FEMA Flood Elevation Certificates
Do you remember Hurricane Katrina and New Orleans? If you recall, New Orleans is built below sea level. After that event, Congress passed a law that greatly increased the price of obtaining Flood Insurance and enforced lending institutions to require a borrower to be covered by adequate flood insurance. As a result, whether you are financing a new home, refinancing a current home or applying for a home equity loan, you will be required to obtain flood insurance if your property is located within a designated flood zone.
Obviously, each location is different. The extent of flooding will be different and therefore the degree of risk to the insurance company will vary. A Flood Elevation Certificate can be completed by a Surveyor to quantify that degree of risk.
The Surveyor will come to the site and determine the elevation above sea level at the location. Measurements will be taken at the highest and lowest grade along the building wall. Measurements will also be taken on the first and second floor. Note that the basement or crawl space is considered the first floor. If neither of those exist, the concrete slab will be considered the first floor. Additional, applicable measurements will also be observed depending on the given situation.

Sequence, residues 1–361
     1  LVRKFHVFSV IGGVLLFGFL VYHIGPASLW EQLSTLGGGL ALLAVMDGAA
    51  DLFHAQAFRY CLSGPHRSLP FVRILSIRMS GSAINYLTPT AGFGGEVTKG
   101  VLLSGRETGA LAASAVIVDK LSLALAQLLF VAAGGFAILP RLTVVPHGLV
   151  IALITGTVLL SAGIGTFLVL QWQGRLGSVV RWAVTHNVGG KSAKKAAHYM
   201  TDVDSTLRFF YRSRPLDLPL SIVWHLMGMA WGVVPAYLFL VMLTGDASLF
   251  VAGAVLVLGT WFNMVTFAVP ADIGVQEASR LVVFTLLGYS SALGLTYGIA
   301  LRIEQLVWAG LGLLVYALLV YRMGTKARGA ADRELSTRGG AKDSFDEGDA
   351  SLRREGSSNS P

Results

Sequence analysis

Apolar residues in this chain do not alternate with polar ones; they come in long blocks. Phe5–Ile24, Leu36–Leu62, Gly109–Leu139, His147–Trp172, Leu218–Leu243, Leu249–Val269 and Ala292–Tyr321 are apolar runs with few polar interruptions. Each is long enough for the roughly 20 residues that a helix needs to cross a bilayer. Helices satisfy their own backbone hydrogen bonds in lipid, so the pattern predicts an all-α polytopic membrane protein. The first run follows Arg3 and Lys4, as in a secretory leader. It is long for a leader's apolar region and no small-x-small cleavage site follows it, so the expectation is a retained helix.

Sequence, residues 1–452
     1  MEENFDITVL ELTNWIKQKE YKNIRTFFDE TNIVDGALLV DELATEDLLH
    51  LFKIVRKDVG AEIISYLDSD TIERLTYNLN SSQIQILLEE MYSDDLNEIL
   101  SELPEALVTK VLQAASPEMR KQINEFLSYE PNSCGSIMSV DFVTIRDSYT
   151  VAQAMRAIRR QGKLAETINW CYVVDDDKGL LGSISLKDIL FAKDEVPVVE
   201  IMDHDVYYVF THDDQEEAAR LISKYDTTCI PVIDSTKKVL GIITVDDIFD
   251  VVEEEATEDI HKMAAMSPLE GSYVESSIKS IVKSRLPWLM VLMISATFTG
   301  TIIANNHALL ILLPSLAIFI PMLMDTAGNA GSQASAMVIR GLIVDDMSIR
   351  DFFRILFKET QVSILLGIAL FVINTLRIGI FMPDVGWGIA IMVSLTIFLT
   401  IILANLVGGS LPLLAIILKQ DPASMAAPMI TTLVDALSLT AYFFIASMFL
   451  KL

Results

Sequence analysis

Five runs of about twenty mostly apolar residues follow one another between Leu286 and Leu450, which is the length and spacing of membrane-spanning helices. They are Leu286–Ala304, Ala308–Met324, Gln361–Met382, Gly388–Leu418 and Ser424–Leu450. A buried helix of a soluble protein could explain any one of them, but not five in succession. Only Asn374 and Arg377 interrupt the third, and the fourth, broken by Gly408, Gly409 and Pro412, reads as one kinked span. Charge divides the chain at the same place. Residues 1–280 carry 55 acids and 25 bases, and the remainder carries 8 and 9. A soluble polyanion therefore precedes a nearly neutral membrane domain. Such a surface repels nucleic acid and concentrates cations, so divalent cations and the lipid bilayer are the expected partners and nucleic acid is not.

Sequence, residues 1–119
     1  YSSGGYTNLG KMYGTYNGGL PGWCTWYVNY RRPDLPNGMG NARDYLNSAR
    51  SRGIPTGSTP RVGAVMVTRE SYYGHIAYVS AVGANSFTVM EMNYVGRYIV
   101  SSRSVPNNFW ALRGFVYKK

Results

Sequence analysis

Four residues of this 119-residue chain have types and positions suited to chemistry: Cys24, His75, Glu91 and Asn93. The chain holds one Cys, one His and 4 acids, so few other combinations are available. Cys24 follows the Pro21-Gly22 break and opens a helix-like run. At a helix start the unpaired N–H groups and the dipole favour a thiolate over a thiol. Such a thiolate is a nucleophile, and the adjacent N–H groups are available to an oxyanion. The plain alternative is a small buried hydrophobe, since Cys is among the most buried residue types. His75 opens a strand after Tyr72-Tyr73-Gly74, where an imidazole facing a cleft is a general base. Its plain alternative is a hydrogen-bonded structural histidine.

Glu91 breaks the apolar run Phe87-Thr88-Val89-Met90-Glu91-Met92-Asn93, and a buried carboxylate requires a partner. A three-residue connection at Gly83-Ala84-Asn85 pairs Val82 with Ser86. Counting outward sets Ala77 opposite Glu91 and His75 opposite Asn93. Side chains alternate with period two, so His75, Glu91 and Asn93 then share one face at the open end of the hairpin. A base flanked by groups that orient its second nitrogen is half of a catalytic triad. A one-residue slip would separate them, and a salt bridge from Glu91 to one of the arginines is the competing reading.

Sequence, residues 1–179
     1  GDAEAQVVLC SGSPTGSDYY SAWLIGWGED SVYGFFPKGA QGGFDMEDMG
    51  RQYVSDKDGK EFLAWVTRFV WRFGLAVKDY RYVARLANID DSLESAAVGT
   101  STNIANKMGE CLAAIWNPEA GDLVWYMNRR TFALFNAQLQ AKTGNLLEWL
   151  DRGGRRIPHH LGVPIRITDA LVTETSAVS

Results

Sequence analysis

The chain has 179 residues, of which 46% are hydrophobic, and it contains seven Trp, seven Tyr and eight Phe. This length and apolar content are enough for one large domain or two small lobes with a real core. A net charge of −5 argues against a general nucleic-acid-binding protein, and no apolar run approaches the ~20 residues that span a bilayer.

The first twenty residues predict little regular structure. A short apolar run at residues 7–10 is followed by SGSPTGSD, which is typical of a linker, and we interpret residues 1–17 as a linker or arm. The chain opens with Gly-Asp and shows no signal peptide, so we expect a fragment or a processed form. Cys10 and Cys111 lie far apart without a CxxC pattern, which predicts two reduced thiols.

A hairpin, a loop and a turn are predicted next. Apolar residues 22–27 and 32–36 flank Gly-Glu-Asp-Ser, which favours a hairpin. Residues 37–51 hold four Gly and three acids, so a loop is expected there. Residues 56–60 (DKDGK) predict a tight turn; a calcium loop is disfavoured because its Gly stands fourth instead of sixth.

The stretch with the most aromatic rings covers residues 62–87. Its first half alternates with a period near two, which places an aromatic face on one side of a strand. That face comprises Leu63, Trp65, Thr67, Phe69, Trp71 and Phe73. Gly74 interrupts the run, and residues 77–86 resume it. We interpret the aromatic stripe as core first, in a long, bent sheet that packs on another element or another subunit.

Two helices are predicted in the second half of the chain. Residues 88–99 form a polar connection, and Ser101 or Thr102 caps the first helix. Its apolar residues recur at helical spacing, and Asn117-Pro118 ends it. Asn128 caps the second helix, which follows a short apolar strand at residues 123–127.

The Surveyor then compares those measurements to the Flood Study published by FEMA for that Community (Municipality), to determine what the published Base Flood Elevation (BFE) for the given location is. The Elevation Certificate can then be sent to your insurance company to determine the annual rate of flood insurance for your individual location.
But what happens if you are in what is known as Zone A? Our Blog has an article titled “Those Pesky Zone A Determinations” for a discussion on that situation. Zone A means that FEMA “believes” that your building would flood during the statistical 100-year storm event, but a detailed analysis has not been completed to prove it. Unfortunately, you are guilty until proven innocent. A Flood Study can be completed in order to determine the degree of flooding at your building. This will then allow a level of risk to be determined which can be utilized to determine a reduction in your flood insurance premium.
But what if when the Surveyor arrives, they determine that your property actually will not statistically be subjected to flood waters. That may be the equivalent to hitting the lottery. FEMA does establish a process for making a correction known as a Letter of Map Amendment (LOMA). This certificate can be completed based on the documented BFE from the FEMA Flood Study or if that is unavailable as in the case of a Zone A, the BFE can be obtained by a Flood Study conducted by Meck-Tech, Inc. A LOMA application can be sent along with other documentation to FEMA and upon verification, remove a structure or portion of land from the flood zone.